The Indian rupee hit more than a five-week high on Tuesday, as under-hedged exporters dashed to cover their positions, while falling U.S. Treasury yields kept the dollar in check amid recession fears.

The partially convertible rupee ended the session at 78.7125 per dollar after touching 78.49, its highest since June 28, and has amassed gains of about 1.4% over the past four trading sessions. On Monday, the unit had closed at 79.02.

"Exporters were hoping to liquidate their holdings when the rupee touches 80-81 but suddenly it appreciated a lot and 'fear of missing out' came into play which made them offload at this level," said a trader at a state-backed bank.

Signs of a possible recession in the world's biggest economy has been dragging on the dollar as it erased chances of large rate hikes by the Fed. It has also pulled U.S. Treasury yields lower, which in turn hurt the greenback.

U.S. Speaker Nancy Pelosi's visit to Taiwan added to market jitters on the day, sending U.S. yields to a four-month low.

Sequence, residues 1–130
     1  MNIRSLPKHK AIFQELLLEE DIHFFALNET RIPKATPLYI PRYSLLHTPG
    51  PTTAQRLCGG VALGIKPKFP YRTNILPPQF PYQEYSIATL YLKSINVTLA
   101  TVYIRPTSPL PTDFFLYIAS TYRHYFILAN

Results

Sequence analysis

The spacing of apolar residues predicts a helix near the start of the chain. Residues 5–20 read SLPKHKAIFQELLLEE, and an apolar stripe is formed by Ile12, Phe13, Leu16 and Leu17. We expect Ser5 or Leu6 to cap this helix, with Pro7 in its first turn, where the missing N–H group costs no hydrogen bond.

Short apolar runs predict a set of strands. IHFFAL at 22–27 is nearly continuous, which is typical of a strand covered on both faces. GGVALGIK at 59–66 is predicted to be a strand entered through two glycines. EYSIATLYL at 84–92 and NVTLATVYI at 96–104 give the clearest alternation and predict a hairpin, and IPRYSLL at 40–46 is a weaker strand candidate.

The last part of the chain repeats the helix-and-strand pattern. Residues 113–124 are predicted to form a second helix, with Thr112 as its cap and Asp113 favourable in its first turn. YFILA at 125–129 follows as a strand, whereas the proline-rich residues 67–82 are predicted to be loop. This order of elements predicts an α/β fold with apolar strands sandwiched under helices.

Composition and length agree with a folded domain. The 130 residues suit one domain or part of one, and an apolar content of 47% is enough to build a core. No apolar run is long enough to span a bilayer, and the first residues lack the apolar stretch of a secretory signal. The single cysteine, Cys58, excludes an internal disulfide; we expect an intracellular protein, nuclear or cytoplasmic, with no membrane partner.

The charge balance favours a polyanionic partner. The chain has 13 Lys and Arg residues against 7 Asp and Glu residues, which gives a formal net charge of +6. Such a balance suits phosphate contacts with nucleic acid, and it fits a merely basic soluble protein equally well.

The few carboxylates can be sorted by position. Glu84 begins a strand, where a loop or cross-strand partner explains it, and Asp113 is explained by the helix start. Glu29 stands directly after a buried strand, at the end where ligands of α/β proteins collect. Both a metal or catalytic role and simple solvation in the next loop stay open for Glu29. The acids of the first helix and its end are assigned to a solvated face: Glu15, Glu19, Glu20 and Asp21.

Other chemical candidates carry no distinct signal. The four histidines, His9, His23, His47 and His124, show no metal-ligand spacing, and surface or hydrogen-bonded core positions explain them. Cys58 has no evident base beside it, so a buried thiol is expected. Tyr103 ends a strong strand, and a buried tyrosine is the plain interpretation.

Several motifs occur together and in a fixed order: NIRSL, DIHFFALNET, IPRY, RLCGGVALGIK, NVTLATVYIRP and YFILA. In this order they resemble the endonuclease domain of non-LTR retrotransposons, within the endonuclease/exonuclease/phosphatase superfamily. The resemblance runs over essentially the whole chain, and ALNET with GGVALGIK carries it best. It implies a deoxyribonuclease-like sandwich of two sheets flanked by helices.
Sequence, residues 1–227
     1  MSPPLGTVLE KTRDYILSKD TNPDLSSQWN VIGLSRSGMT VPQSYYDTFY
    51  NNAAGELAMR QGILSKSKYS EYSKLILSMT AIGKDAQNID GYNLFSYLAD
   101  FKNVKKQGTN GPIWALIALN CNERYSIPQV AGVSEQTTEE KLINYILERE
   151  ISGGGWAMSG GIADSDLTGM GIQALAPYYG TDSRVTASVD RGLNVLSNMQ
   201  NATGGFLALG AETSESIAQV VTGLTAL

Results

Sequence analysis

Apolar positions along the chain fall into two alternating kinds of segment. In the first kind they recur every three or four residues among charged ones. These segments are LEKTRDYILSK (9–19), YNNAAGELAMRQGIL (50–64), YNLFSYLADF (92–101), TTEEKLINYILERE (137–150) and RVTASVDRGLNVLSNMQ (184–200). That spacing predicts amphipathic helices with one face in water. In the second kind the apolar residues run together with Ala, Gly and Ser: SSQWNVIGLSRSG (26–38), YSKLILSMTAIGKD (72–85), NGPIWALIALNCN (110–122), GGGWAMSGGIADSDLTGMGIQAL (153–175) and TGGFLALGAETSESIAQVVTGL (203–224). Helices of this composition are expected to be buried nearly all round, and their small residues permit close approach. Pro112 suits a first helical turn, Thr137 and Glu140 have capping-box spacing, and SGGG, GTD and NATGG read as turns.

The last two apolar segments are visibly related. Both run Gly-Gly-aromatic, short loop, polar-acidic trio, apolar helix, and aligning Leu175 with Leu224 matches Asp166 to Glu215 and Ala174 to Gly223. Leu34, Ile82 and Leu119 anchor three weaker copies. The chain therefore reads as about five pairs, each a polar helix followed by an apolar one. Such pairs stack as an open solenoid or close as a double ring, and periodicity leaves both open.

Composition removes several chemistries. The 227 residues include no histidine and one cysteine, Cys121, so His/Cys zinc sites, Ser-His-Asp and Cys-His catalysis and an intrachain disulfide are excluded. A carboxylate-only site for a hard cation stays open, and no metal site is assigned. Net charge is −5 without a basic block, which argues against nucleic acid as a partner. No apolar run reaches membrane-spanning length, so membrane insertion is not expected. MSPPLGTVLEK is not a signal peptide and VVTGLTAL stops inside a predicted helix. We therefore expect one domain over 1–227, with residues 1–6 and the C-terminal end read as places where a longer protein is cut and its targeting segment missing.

That sentiment kept risk assets under pressure across Asia, but the Indian rupee was an outlier as it rose the most among its emerging market peers on a deluge of inflows.

With the U.S. Fed sounding dovish last week, equities have reversed course and there's optimism that they will contribute positively in August, the trader said.

There are considerable inflows into the debt market, while the recent 5G telecom auction has also brought in billions of rupees, the person added.

Additionally, oil prices slipped below $100 per barrel on concerns over global fuel demand given the economic downturn, but this is good news for the rupee as according to traders it can potentially bring down India's import bill by $5-$6 billion.

Investors now await the Reserve Bank of India's monetary policy decision on Friday in which the central bank is expected to raise its key interest rate.

However, there was no consensus among analysts on the size of the move given the absence of any clear guidance from the central bank, according to a Reuters poll. Predictions from the 63 economists polled by Reuters ranged from a 25-bp to 50-bp hike.